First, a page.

The recent findings of a Netpop Research Report present a telling picture of how and where people communicate today. Online social networks, including everything from Facebook to blogs, have become the forums of modern interconnectedness. The report found that, in fact, “communication [has become] entertainment.” Digital tools and infrastructures have facilitated and perhaps created even greater demand for frequent communication through and from a myriad of channels.  In and of itself, this shift to the digital sphere provides a rich opportunity for sociological study, but for the purposes of this post, it’s more interesting to note that consumers are sharing rich-media with each other in increasing numbers and seeking this content in the medium in which they can most easily share it (online). New technologies have ushered in a convergent digital milieu of multi-media, a culture of always-on sharing through online social networks. Creating digital content is step one: translating the brand into a language native to today’s consumers.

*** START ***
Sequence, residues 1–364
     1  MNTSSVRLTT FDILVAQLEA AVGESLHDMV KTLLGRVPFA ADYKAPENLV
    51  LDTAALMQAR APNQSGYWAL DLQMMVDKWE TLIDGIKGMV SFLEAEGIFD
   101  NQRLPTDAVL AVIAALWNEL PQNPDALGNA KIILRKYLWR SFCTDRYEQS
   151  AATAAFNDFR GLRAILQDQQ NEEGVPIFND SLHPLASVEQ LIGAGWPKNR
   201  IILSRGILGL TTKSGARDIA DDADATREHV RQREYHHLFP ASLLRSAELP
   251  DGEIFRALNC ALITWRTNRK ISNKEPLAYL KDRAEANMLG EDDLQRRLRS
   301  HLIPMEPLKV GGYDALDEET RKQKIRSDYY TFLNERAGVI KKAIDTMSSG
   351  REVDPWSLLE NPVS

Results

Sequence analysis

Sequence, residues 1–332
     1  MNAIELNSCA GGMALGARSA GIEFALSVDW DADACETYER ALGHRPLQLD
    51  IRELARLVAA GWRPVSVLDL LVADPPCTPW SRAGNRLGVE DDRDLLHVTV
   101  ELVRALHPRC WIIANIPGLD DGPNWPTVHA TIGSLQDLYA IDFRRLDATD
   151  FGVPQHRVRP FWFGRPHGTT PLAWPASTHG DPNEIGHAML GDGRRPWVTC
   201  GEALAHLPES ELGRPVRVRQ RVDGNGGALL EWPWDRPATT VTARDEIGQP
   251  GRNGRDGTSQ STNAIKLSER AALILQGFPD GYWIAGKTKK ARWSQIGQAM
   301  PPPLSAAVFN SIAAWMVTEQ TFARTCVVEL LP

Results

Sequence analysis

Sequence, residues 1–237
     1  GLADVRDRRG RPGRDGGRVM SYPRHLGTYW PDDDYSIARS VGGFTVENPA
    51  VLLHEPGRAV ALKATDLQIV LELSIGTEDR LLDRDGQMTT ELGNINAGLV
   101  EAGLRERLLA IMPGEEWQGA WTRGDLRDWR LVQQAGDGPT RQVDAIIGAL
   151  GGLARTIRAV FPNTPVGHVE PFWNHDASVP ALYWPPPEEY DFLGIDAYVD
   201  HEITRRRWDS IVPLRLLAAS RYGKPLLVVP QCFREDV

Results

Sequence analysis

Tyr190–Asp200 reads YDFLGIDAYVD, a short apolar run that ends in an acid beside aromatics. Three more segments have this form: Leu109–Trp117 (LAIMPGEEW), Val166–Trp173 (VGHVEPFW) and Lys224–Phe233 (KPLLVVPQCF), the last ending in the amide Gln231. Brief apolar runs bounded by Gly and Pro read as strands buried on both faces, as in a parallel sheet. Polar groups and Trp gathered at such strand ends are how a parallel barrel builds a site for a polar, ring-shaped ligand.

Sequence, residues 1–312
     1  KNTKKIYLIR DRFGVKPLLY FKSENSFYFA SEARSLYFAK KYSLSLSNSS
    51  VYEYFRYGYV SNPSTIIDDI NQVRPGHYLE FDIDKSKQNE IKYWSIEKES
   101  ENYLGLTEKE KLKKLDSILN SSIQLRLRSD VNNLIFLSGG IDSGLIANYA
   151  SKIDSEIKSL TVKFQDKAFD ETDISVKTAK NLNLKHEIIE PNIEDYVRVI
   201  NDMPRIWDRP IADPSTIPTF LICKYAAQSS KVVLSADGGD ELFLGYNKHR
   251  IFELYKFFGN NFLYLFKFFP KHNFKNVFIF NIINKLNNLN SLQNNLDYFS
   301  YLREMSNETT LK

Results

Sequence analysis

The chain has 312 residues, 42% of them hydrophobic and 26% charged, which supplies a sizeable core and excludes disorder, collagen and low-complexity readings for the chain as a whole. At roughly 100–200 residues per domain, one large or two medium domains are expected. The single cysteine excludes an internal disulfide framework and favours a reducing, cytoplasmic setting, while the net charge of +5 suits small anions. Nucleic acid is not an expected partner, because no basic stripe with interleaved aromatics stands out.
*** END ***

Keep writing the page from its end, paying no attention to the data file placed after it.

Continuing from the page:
The old system in which “PR” was entirely separate from “entertainment” is no longer the most viable model either.  Brands like Red Bull, Axe, Dove and Nike have embedded themselves in the lives of their customers through smart, well-executed, cross-channel campaigns that target consumers and provide them with entertainment while informing them about the brand itself and what its products can do.  Steve Rubel (in the aforementioned post on Jarvis’ blog) claims that the “product is [the] ad” but this doesn’t fully represent a brand’s scope. What a brand and its products are in the 21st century is an aggregate of sentiments towards the brand and the function of the product or service – the sum is greater than the parts. For its fans, Red Bull isn’t just an energy drink, it’s an identification with a particular, highly-cultivated image that gives it, and in turn its fans, a unique cultural niche. Telling the brand’s stories through music, video and events is more than a PR stunt – it’s a fundamental sculpting of its identity.